Some models can be designed for the conducting of individual experiments; such models offer controlled enclosure volumes of no more than a few cubic feet. These can be ideal for use in biotech and medical testing applications. Other designs can be used to cover individual machines; this can often be the case in precision measuring operations. Operations that need access to clean rooms on a small scale will often find portable clean rooms to be an effective, economical choice.
The contaminant level standards for all clean room varieties are set by governmental regulatory authorities and international standards organizations. The United States government’s US FED STD 209E standards are based on the number of 0.5 micrometer-sized particles present per cubic foot within a clean room.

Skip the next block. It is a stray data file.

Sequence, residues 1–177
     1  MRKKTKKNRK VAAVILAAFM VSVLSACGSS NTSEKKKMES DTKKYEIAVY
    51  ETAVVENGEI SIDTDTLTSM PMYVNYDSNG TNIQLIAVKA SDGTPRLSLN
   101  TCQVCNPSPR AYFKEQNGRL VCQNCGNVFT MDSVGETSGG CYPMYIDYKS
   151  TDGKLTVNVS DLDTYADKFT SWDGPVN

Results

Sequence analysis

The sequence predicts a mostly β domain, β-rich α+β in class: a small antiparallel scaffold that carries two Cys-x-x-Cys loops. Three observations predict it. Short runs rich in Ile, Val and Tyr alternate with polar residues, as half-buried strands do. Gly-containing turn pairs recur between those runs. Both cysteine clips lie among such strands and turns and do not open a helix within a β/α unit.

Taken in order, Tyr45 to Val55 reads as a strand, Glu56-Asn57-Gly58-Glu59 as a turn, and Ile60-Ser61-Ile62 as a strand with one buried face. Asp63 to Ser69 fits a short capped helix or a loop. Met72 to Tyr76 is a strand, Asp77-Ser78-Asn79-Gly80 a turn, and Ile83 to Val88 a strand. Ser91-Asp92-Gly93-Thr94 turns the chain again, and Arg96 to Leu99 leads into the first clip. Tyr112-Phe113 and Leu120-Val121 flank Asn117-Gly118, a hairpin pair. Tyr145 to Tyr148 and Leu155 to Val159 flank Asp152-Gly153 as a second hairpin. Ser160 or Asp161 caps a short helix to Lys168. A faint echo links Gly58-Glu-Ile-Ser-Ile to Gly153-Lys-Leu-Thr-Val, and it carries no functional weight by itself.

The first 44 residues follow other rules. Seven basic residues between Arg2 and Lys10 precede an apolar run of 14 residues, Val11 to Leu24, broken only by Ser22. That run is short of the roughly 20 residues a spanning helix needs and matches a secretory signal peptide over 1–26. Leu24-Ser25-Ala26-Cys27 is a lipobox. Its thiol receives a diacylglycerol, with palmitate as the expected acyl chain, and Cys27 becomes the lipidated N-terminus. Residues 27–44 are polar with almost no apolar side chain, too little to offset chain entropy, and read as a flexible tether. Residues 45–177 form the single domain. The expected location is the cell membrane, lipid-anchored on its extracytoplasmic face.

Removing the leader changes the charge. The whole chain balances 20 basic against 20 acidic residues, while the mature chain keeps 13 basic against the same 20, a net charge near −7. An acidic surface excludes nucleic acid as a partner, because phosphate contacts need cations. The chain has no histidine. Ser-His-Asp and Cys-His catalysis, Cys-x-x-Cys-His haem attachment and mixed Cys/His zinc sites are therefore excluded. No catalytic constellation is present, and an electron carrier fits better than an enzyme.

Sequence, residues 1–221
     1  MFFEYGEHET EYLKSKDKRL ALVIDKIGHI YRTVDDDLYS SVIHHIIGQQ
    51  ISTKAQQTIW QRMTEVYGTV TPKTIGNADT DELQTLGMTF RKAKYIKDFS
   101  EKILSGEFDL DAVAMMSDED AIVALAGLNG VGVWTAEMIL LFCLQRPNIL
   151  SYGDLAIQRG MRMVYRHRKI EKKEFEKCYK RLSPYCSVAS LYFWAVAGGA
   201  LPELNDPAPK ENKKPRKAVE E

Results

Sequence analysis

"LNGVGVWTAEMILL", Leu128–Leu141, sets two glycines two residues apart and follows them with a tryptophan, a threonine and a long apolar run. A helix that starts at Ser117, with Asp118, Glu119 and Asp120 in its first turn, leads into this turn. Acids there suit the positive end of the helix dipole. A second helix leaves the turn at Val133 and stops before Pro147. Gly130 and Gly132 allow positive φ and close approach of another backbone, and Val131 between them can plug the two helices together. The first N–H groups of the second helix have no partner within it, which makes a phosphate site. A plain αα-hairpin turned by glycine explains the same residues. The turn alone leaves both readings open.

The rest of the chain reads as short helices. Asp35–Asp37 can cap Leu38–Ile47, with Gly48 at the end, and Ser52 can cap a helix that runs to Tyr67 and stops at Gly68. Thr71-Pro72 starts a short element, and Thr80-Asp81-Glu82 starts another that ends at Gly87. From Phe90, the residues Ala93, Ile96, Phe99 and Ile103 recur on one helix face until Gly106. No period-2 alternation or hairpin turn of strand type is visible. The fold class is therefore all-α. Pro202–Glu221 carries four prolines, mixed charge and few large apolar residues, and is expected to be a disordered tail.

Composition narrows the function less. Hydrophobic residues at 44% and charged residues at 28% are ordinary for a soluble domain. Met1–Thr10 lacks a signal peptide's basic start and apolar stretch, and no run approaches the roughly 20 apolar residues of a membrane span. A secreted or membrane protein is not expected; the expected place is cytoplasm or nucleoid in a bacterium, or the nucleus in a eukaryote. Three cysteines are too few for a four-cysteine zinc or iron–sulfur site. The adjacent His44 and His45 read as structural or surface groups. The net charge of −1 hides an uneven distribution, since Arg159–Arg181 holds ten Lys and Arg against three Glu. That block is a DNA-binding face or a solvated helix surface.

Clean rooms given a Class 1 rating are subject to the strictest standard; Class 1 clean rooms should contain no more than one 0.5 micrometer-sized particle per cubic foot of atmosphere. Each subsequent class number corresponds to its particulate quantity. For example, Class 100 clean rooms should feature no more than 100 0.5 micrometer-sized particles per cubic foot of atmosphere. Normal, unfiltered air, if it were to be subject to US FED STD 209E, would be given a Class 1,000,000 rating.
Portable clean rooms are generally not capable of filtering air to Class 1 levels; they are more commonly assigned class numbers of 1,000 and higher. The main advantage of portable clean room systems is that they provide smaller operations with an alternative to large, expensive, permanent clean rooms.